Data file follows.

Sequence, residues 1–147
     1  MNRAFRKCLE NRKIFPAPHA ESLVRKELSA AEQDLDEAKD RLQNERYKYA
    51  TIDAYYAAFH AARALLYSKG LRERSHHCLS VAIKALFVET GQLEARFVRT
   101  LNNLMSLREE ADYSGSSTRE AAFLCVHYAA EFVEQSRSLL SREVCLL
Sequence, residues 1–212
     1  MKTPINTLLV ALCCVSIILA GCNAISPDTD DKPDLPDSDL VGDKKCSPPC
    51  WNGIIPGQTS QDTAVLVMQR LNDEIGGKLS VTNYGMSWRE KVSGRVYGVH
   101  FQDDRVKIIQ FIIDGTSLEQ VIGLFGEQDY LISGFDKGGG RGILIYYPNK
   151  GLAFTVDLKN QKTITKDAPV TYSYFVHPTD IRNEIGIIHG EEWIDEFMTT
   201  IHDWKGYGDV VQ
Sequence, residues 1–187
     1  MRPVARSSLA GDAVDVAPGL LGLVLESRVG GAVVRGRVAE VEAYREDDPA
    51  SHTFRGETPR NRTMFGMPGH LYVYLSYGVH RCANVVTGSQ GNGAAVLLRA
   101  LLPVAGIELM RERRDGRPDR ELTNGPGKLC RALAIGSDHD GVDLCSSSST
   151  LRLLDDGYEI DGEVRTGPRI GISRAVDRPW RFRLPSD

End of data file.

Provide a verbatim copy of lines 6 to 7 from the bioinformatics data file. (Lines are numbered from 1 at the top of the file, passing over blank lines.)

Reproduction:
     1  MKTPINTLLV ALCCVSIILA GCNAISPDTD DKPDLPDSDL VGDKKCSPPC
    51  WNGIIPGQTS QDTAVLVMQR LNDEIGGKLS VTNYGMSWRE KVSGRVYGVH